Around 450 Vietnamese drug addicts have escaped from a rehabilitation centre where many were held for compulsory treatment, an official said Thursday.
The detainees attacked guards, climbed walls, and broke down the main gate at the centre in the Vietnam's southern province of Ba Ria Vung Tau late Wednesday.
"We have brought 150 patients back, while search efforts are underway for nearly 300 others," Le Thi Trang Dai, director of the provincial labour department, told AFP.
Vietnam's communist government enforces a compulsory treatment programme for the country's estimated 140,000 drug addicts.
Addicts can also voluntarily enter the centres to undergo rehabilitation treatments.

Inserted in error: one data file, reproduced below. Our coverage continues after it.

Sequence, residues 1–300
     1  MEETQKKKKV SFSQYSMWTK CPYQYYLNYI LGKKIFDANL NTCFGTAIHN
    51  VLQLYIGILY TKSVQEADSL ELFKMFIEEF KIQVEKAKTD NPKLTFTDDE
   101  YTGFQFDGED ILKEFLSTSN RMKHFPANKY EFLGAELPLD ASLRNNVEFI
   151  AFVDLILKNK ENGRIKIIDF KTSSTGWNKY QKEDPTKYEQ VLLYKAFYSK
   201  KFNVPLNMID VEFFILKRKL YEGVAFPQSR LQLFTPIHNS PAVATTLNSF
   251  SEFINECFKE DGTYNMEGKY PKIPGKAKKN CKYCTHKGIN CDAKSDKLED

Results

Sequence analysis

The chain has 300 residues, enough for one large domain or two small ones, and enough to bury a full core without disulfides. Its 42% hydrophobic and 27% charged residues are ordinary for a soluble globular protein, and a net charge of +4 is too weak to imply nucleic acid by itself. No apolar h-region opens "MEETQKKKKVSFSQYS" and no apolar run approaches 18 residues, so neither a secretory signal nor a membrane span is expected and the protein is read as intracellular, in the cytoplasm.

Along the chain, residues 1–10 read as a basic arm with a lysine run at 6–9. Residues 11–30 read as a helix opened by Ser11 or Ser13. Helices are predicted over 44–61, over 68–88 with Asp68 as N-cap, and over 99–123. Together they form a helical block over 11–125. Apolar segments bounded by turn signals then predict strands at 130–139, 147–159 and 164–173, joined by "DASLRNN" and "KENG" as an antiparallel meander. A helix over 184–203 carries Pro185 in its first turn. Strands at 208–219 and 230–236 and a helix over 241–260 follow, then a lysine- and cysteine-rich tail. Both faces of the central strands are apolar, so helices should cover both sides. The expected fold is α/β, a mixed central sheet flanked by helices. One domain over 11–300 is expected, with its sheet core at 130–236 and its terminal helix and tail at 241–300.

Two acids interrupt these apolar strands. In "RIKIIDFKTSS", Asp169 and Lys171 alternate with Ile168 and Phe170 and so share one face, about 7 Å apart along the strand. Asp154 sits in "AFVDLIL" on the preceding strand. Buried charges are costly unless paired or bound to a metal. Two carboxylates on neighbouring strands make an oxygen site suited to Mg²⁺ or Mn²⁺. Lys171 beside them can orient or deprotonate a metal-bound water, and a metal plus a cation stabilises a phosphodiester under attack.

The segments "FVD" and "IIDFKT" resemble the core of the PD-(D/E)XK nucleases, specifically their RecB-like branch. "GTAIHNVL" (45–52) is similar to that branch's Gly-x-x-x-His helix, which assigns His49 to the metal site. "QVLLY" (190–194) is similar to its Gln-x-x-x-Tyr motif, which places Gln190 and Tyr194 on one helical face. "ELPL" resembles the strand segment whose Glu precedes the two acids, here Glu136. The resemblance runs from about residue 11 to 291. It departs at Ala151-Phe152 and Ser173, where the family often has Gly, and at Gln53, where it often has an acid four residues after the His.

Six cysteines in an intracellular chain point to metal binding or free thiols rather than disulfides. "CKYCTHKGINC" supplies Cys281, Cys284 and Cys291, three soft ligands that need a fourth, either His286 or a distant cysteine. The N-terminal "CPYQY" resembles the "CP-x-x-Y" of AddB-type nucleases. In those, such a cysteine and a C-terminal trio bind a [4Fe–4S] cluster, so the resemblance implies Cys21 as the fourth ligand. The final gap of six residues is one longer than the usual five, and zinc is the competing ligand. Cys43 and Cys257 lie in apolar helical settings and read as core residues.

The escapees were a mix of compulsory and volunteer admissions, Dai said.
Local authorities are urging families to bring back runaway patients so they can complete their treatment, she added.
"Police are also investigating the reasons behind the escape, trying to understand if there is a leader behind the incident," she said.
The escapees have been begging for clothes from local residents and trying to hitchhike out of the area, the state-run VN Express newspaper said.
"Others have escaped into (a) nearby deep forest," the report added.
Addicts undergo two-year spells of treatment at the centres aimed at curbing rising drug use rates, especially among young people.
US-based Human Rights Watch has denounced the conditions in Vietnam's rehab centres and a UN expert has recommended they be closed.
HRW says the treatment centres are "forced labour camps" where inmates do not receive proper health care and are often subjected to physical violence.
Addicts are mostly forced to report to the centres by their family or local authorities, but they are not criminals.